Get­ting mar­ried was one habit Lamotta never kicked. When he died due to com­pli­ca­tions from pneu­mo­nia, he was mar­ried to his seventh wife, Denise Baker.

Lamotta’s rise from poverty be­gan when he turned pro on March 3, 1941. By the time he fought Fox he’d al­ready beaten Fritzie Zivic, Tony Janiro, Tommy Bell, Hol­man Wil­liams, Lloyd Mar­shall, Bob Sat­ter­field, Jose Be­sora and Robin­son. Nev­er­the­less, his re­fusal to co­op­er­ate with or­gan­ised crime, which had a stran­gle­hold on much of box­ing at the time, was a prob­lem he couldn’t solve with a punch in the mouth.

“I was the uncrowned cham­pion for five years,” said Lamotta. “No­body wanted to give me a shot … but time was run­ning out. I was get­ting a lit­tle too old. I wasn’t as good as I used to be. I had to make a de­ci­sion. Ei­ther I lose the Fox fight or I don’t get a chance for the ti­tle. They of­fered me $100,000. I turned them down. I didn’t need the money. All I wanted was a chance to fight for the ti­tle.”

Even after Lamotta al­lowed Fox to stop him, it wasn’t un­til June 16, 1949 that he got the promised ti­tle fight against reign­ing cham­pion Mar­cel Cer­dan. The defin­ing mo­ment came in the first round when Lamotta, who was no­to­ri­ous for his un­com­pro­mis­ing fight­ing style, threw Cer­dan to the can­vas with what his­to­rian Bert Sugar called “as pretty a hip roll as ever seen in a wrestling bout.”

Cer­dan in­jured his left shoul­der when he fell, mak­ing him vir­tu­ally a one-handed fighter. The French­man strug­gled on un­til the end of the ninth round but didn’t an­swer the bell for the 10th. Lamotta had fi­nally fought his way to the top of the box­ing world, but he’d had to give the Mafia $20,000 to ce­ment the deal. The only money Jake made that night was what he won bet­ting on him­self.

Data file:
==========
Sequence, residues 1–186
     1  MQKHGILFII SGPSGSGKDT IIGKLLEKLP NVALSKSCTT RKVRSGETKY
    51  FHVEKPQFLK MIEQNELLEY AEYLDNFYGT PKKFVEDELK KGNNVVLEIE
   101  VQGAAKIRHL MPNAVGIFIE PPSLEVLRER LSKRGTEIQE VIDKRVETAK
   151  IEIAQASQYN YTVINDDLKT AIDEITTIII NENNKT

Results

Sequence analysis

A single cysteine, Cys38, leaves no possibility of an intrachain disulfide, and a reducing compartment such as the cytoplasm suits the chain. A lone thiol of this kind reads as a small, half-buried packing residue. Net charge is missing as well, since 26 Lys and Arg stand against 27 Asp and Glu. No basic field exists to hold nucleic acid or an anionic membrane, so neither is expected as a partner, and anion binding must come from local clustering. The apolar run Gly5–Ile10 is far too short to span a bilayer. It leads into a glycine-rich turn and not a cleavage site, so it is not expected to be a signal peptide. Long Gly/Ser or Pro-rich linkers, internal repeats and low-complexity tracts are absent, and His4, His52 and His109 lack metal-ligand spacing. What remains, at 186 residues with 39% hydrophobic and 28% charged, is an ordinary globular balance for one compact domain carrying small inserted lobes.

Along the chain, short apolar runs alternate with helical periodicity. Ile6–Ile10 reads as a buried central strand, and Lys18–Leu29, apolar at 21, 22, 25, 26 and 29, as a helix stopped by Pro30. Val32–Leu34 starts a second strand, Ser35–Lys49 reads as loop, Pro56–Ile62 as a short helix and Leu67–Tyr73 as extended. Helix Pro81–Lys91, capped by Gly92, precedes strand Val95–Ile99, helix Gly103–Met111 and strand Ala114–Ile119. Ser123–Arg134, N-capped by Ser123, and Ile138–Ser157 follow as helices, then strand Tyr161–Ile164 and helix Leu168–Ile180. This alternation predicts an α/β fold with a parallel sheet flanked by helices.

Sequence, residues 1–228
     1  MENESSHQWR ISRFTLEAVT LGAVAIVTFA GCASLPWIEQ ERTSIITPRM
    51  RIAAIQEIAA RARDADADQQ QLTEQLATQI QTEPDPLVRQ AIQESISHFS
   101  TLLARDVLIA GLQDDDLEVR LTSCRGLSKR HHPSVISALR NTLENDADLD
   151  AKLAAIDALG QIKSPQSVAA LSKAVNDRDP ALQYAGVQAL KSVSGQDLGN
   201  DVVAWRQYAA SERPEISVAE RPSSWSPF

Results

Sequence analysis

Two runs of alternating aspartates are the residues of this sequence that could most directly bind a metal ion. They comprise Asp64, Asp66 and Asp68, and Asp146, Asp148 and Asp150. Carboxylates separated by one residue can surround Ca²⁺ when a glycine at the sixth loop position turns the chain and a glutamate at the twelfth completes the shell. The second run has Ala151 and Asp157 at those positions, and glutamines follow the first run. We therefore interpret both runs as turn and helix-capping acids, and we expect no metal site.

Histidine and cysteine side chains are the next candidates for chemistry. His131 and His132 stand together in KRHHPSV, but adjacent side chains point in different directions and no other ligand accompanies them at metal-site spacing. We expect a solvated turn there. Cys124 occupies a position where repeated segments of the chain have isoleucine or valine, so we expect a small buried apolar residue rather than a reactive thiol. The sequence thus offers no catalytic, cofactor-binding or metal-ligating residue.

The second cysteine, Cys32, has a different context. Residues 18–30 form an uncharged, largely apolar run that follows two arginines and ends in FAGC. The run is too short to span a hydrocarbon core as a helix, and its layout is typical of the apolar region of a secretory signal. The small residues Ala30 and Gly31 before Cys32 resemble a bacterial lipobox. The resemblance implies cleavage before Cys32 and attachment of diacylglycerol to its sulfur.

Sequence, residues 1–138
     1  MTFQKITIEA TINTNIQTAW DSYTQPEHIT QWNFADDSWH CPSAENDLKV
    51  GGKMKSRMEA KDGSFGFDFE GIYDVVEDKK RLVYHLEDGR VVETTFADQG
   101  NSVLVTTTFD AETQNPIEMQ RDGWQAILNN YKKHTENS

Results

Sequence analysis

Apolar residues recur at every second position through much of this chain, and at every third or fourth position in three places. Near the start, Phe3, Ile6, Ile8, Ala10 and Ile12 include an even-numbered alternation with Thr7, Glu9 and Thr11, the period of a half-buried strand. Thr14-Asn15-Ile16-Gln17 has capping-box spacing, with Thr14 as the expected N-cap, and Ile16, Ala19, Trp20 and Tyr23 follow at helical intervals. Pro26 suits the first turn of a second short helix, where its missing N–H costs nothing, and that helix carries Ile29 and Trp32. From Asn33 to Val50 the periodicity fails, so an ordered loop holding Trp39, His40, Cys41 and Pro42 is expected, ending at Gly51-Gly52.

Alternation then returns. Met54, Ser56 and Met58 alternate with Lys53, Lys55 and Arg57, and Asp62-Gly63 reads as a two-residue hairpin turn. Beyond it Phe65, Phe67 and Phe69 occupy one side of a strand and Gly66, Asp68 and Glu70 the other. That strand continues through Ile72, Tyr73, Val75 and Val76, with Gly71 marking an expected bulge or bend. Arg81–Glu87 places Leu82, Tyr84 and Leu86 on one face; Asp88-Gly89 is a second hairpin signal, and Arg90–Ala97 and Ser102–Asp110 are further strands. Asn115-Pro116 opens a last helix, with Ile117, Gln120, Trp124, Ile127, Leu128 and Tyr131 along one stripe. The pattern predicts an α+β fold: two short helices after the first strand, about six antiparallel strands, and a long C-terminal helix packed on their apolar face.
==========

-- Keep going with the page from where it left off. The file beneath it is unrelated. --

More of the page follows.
There was sup­posed to be re­match, but Cer­dan died in a plane crash on to way to New York from his home in France.

Lamotta made two suc­cess­ful de­fences in 1950, win­ning a 15-round de­ci­sion over Ital­ian Tiberio Mitri and knock­ing out Lau­rent Dau­thuille in the wan­ing mo­ments of the 15th round. Be­hind on all three score­cards, Lamotta staged a fu­ri­ous last-gasp rally, knock­ing out the French chal­lenger at the 2-47 mark. It was quin­tes­sen­tial Lamotta and the Fight of the Year.

Lamotta’s joke about fight­ing Sugar Ray so many times he was sur­prised he wasn’t di­a­betic is a clas­sic, but there was noth­ing funny about their six-bout se­ries. Even though Jake only won the sec­ond fight, all six were hard fought and their fifth a split de­ci­sion. A sixth with the ti­tle on the line was a box-of­fice nat­u­ral.

Robin­son and Lamotta faced each other for the fi­nal time on Fe­bru­ary 14, 1951, in front of a packed house at Chicago Sta­dium. The champ went after Robin­son in his usual swarm­ing, rough­house man­ner, while Sugar Ray backpedaled and coun­tered. It was “guile ver­sus guts, head ver­sus heart and com­bi­na­tions ver­sus courage,” wrote Sugar.

Lamotta was in the fight for the first eight rounds, but Robin­son started to pull ahead in the ninth. From then un­til the bout was stopped in the 13th round, Lamotta took such a ter­ri­ble beat­ing that the fight be­came known as the St. Valen­tine’s Day Mas­sacre, named after the gang­land murder of seven men on the same date in 1929.

Jake was fa­mously still on his feet when the fight was stopped, help­less but still on his feet. It was a badge of hon­our for Lamotta but just an­other night’s work for his leg­endary chin.

Lamotta never fought for the ti­tle again. His coura­geous stand in the fi­nal Robin­son bout took ev­ery­thing out of him. He lost three of his next seven bouts and re­tired after Billy Kil­gore out­pointed him on April 14, 1954. As you might ex­pect ad­just­ing to life after box­ing was even tougher than fight­ing Robin­son.